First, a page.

Permit me then finally to address myself to those persons, if such should be here present,

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62 Cor. ii. 16.

7 Rom. iii. 8.

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who have hitherto neglected to pay serious attention to religion, who have neglected to do the will of God, and consequently have not known of the doctrine; and to press upon their consciences the obligation of entering without delay on that course of piety which my text enjoins. You have every encouragement before you. You have the means of grace provided. You have the word of God in your hands. You have the sabbath to dedicate to the concerns of eternity. The influences of the Holy Spirit, without which we can do nothing in religion, are vouchsafed to every supplicant. God has even promised to take away the stony heart out of your flesh, and give you an heart of flesh. All things are thus prepared. If you perish, the guilt is purely your own. I am now referring to the elementary duties of religion, and I use great plainness of speech. Begin to withdraw yourselves from temptation. Begin to withstand corrupt example; to avoid every known sin, and practise every known duty. Begin to pray. Begin to read the holy Scriptures. Begin to consider your state as transgressors. These are the very first steps towards heaven. He that neglects to take these steps contemns God, and will in vain attempt to excuse his ignorance of the higher principles of

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Christianity. You have been careless long enough; think now with solemnity of an eternal state. The time past of your life may suffice you to have wrought the will of men1; regard now the will of God. You have as yet been attracted by the vanities of this world; now turn your eyes to the realities of another. So far as you have exerted yourselves hitherto, you have relied on your own talents and accomplishments, and you have relied on them in vain; acknowledge now their insufficiency, and make them subordinate to the grace of God. If you thirst for knowledge, what knowledge is so important as that of the word of life? If you thirst for fame, what pursuit is so ennobling, as the investigation of divine truth? If you pant for honour, what honour can be compared with that which cometh from God? If you can be allured by interest, what gain can be even mentioned in comparison with the salvation of your souls? Without this indeed, what is every other acquisition? If our taste were the most correct, our learning the most profound, our information the most enlarged, and our fame the most illustrious that the world ever saw; if we could comprehend all the curiosities of science, and all the treasures of literature were poured at our feet; if we could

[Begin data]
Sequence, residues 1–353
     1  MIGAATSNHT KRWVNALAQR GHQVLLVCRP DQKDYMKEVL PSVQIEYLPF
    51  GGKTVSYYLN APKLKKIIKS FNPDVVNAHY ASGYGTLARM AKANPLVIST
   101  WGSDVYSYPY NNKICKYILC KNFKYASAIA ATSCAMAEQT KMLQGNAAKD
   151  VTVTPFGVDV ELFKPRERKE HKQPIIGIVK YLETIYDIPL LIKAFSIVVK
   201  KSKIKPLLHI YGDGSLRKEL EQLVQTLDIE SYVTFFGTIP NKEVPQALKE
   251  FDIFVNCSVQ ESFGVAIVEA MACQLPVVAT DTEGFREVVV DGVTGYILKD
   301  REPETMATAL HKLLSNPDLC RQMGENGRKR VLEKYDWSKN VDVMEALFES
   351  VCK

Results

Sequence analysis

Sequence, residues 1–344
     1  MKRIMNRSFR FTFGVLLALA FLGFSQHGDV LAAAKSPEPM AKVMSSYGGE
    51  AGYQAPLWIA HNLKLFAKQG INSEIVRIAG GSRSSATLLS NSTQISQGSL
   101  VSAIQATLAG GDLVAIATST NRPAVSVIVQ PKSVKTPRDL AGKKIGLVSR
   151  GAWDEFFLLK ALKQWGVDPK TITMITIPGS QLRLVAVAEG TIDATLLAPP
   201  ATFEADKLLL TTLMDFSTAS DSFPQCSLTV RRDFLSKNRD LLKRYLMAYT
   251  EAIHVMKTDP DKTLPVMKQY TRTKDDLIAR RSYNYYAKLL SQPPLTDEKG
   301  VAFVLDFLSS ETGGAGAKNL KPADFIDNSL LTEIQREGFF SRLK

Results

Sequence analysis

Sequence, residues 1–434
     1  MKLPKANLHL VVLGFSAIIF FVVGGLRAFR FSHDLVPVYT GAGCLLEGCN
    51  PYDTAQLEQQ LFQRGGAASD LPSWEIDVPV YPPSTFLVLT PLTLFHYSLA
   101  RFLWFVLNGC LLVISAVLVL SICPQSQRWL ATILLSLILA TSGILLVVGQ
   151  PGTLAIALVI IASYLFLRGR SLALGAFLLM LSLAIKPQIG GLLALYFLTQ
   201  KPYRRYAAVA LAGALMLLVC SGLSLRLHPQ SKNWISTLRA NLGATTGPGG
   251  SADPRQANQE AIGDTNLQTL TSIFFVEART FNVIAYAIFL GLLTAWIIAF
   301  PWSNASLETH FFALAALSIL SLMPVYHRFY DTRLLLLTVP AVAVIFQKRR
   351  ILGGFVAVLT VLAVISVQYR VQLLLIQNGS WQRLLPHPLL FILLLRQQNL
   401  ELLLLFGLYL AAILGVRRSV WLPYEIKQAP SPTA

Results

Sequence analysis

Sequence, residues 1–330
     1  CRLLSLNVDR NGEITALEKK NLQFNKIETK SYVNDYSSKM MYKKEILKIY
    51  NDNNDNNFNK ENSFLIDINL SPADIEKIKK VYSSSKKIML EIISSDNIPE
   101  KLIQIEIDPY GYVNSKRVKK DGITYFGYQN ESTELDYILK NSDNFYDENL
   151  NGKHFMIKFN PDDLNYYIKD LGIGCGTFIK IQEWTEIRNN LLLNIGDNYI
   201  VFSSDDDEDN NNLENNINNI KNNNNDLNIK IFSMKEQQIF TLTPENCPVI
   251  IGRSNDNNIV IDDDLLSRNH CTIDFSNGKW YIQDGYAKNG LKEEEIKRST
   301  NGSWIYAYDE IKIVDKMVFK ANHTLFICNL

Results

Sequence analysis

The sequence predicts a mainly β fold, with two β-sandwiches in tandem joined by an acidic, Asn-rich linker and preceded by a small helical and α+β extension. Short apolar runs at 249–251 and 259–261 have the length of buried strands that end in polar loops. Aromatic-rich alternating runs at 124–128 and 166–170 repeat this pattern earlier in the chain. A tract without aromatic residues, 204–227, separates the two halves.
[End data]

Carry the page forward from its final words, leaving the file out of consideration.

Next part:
11 Pet. iv, 3.